Hard as it is to believe, it has been 27 years since Indiana Jones first burst onto the screen in Raiders of the Lost Ark. Harrison Ford was only 39 at the time and the movie was set in the year 1936. Given the amount of time since the release of that iconic first film, there is a lot that is different in Indiana Jones and the Kingdom of the Crystal Skull. Dr. Henry "Indiana" Jones is considerably older now. He served in World War II. His relationship with Marion Ravenwood ended years ago. Both his father and museum curator Marcus Brody are long gone. His sidekick in this movie, Mutt, was not even born when Indy faced off against the Nazis in the race to retrieve the Ark of the Covenant.
And yet in most respects for Indiana Jones things have remained the same. Nefarious bad guys (albeit Commies rather than Nazis in the movie) still want to kill Indy in the quest for ancient artefacts. Dr. Jones still finds himself in incredible adventures where young men fight with evil Russians while straddling two speeding vehicles, in which ancient temples are still rife with death traps, and in which Indiana is still deathly afraid of snakes. Indiana Jones and the Kingdom of the Crystal Skull is a wonderfully nostalgic bit of entertainment for more than that it is set in 1957 (the year may be significant in that it was only the year before, 1956, that the very last movie serial was released--Blazing the Overland Trail). It immediately brings to mind the thrills and chills of the first Indiana Jones movies. And that is perfectly find by me, and I suspect it is for most film goers. If Indiana Jones and the Temple of Doom is regarded as the worst of the Indiana Jones movies, it is because it departed so drastically from the formula.
That is not to say that Indiana Jones and the Kingdom of the Crystal Skull does not have a personality of its own. While Raiders of the Lost Ark and Indiana Jones and the Last Crusade recalled the old serials of the Thirties and Forties, Indiana Jones and the Kingdom of the Crystal Skull draws as much from those syndicated adventure series Ziv made in the Fifties, with a good dose of Fifties sci-fi thrown in to boot. What is more, we are constantly reminded that Indiana Jones is older. He finds much of the swashbuckling he did in his youth now comes with more difficulty. And he is much more cautious than he once was, leaving much of his brashness to his heir apparent, Mutt.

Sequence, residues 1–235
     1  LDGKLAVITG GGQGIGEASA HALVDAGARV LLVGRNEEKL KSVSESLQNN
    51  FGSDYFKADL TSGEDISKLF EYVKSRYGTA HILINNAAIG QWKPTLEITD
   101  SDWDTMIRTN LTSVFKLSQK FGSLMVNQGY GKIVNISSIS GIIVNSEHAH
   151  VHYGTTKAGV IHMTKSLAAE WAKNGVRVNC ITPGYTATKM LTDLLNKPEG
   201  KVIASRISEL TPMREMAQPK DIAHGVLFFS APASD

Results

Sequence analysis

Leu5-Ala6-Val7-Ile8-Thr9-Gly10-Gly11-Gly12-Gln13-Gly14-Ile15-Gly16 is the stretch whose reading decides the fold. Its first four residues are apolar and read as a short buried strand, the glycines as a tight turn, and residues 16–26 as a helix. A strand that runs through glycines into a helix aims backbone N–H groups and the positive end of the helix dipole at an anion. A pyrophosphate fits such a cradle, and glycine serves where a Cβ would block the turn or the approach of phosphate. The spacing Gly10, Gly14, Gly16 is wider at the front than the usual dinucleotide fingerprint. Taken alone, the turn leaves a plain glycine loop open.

There is no shortage of great action scenes in Indiana Jones and the Kingdom of the Crystal Skull, but as with the best of the Indiana Jones movies, what really makes the movie enjoyable is its characters. Although older and wiser, Indy is still very quick with one liners. And the movie sees the return of Indy's best love interest, Marion Ravenwood. Although like Harrison Ford, Karen Allen is older, she still plays as independent, tough, and still possessed of an elfin charm. Marion's son is Mutt Williams. If Indiana Jones can be the archetypal film hero of the Thirties (the sort of pulp adventurer found in so many serials), then Mutt is the archetypal film hero of the Fifties--a brash young biker filled with youthful arrogance. Of course, every Indiana Jones movie needs villains and in this film it is the Commies. As the head commie, Dr. Irina Spalko, Cate Blanchett is wonderfully over the top. She plays the character with all the aloof coldness and underlying anger one would expect of someone who probably went to school with Natasha Fatale.
Indiana Jones and the Kingdom of the Crystal Skull does start out a bit slow, but once the film gets going, it almost never lets up. The thrills come fast and furious in this one, with plenty of humour and great lines to boot. If you liked Raiders of the Lost Ark and Indiana Jones and the Last Crusade, chances are you will like Indiana Jones and the Kingdom of the Crystal Skull as well.